I went to church on Sunday. A normal and simple thing for a Christian to do, you might say. And indeed, I do it every week, and indeed, this week it was as simple as always. I got up early, hopped on a green Egged bus to the Old City, and hurried through the Jaffa Gate and along Christian Quarter Road, enjoying the silent peace of the streets when all the stores were shuttered and locked before the beginning of the day.

When I reached the Church of the Holy Sepulchre, I slipped across the courtyard and inside the Greek Orthodox Catholicon just in time for the beginning of Orthros. As the priests processed through the Aedicule of Christ’s crypt and into the main Greek Orthodox sanctuary, the familiar holy scent of incense filled my nostrils, the solemn chanting of the priests soothed my ears as doves flitted about in the dome up above, and the presence of others congregating around the church calmed me as they silently gathered to light their candles and worship.

Perhaps it was a bit odd, going to church on a day that in Israel is the start of the work week. Perhaps it was a bit odd, heading to worship when those on the bus around me were bustling to their jobs or heading out to do their weekly shopping. Perhaps it was a bit odd, but it was easy, natural, simple — something that is hardly natural, easy, or simple in the rest of the Middle East.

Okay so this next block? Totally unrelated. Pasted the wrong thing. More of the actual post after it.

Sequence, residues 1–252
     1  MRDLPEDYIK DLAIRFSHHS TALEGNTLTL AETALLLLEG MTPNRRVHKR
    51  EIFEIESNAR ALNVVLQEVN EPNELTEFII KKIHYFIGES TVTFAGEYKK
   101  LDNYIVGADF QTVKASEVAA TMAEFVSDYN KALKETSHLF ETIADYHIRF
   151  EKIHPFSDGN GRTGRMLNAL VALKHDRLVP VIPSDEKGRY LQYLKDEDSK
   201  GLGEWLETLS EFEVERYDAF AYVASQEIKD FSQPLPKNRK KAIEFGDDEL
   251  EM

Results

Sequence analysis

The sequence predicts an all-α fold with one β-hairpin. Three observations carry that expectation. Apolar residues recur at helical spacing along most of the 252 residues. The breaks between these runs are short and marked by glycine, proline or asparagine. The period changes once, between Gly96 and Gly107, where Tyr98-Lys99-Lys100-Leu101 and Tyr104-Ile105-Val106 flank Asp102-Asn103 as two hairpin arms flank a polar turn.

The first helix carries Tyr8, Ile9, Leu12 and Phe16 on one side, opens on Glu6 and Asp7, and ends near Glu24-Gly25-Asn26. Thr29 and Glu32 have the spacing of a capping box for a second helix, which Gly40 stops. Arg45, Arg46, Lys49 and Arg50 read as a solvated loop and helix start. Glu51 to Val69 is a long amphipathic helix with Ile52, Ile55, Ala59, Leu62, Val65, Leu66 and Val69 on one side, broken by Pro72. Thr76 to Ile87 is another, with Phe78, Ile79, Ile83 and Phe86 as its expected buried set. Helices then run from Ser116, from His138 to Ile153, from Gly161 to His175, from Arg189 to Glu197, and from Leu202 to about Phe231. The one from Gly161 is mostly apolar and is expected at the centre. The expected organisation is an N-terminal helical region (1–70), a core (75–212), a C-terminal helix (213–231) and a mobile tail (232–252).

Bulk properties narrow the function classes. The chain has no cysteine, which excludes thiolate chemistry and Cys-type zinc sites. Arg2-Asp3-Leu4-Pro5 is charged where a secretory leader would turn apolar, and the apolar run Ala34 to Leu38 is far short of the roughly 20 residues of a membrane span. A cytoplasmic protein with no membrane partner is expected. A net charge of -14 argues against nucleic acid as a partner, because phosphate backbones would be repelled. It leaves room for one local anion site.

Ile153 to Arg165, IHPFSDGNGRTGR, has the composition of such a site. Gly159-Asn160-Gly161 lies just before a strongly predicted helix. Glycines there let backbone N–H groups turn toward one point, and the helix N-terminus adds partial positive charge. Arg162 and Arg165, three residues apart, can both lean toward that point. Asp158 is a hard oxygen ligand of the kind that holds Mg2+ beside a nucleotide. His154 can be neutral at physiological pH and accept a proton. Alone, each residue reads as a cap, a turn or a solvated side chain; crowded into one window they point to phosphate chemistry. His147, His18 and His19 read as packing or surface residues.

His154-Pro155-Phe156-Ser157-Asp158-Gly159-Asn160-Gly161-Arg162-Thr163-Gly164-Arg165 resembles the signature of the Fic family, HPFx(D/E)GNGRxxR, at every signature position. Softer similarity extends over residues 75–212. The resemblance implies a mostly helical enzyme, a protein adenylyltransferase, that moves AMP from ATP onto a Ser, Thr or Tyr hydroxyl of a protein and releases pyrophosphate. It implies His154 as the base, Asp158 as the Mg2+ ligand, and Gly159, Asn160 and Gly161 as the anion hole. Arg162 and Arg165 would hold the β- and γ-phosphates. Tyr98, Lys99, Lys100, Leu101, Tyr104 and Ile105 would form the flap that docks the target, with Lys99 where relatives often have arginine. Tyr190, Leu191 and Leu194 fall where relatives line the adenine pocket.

Greek Orthodox Orthros at Church of the Holy Sepulchre.

Greek Orthodox Orthros at Church of the Holy Sepulchre.

It’s certainly not easy, natural, or simple for my brothers and sisters in Iraq, where Christians have been kicked out of their homes by ISIS, slaughtered, and forced into refugee camps in Kurdistan. It is not as easy for the minority of Coptic Christians continually threatened and faced with violence and hatred in Egypt. It is not as easy for the Christians in Syria, suffering from the persecution of ISIS and the Syrian civil war. It is not easy for Christians nearly anywhere else in the Middle East — except here, in Israel, where the Basic Laws of Israel protect the free practice of religion in this country. It is a protection denied to my brethren in surrounding countries.

So this is a simple thank you to Israel — for the simple joy of allowing me to attend church freely on Sunday, and for making it so easy to do so.

It may seem like a silly thing to be thankful for, or an obvious truth hardly even worthy of note, but it is not — it is a tremendous blessing. Moreover, as those nations surrounding Israel that first directed their persecution at driving out the Jews now turn their attention to Christians, it is a blessing that ought never be taken for granted.

I have no one but Israel and Israel’s religious freedom to thank, that as an American Christian visiting Israel I can go to worship freely at the site where many believe Christ was crucified and resurrected. Thank you Israel for your toleration, for your protection, and for providing a sanctuary and haven of freedom as you face the threat of annihilation on all sides.

Thank you for making it so simple for me to go to church on Sunday.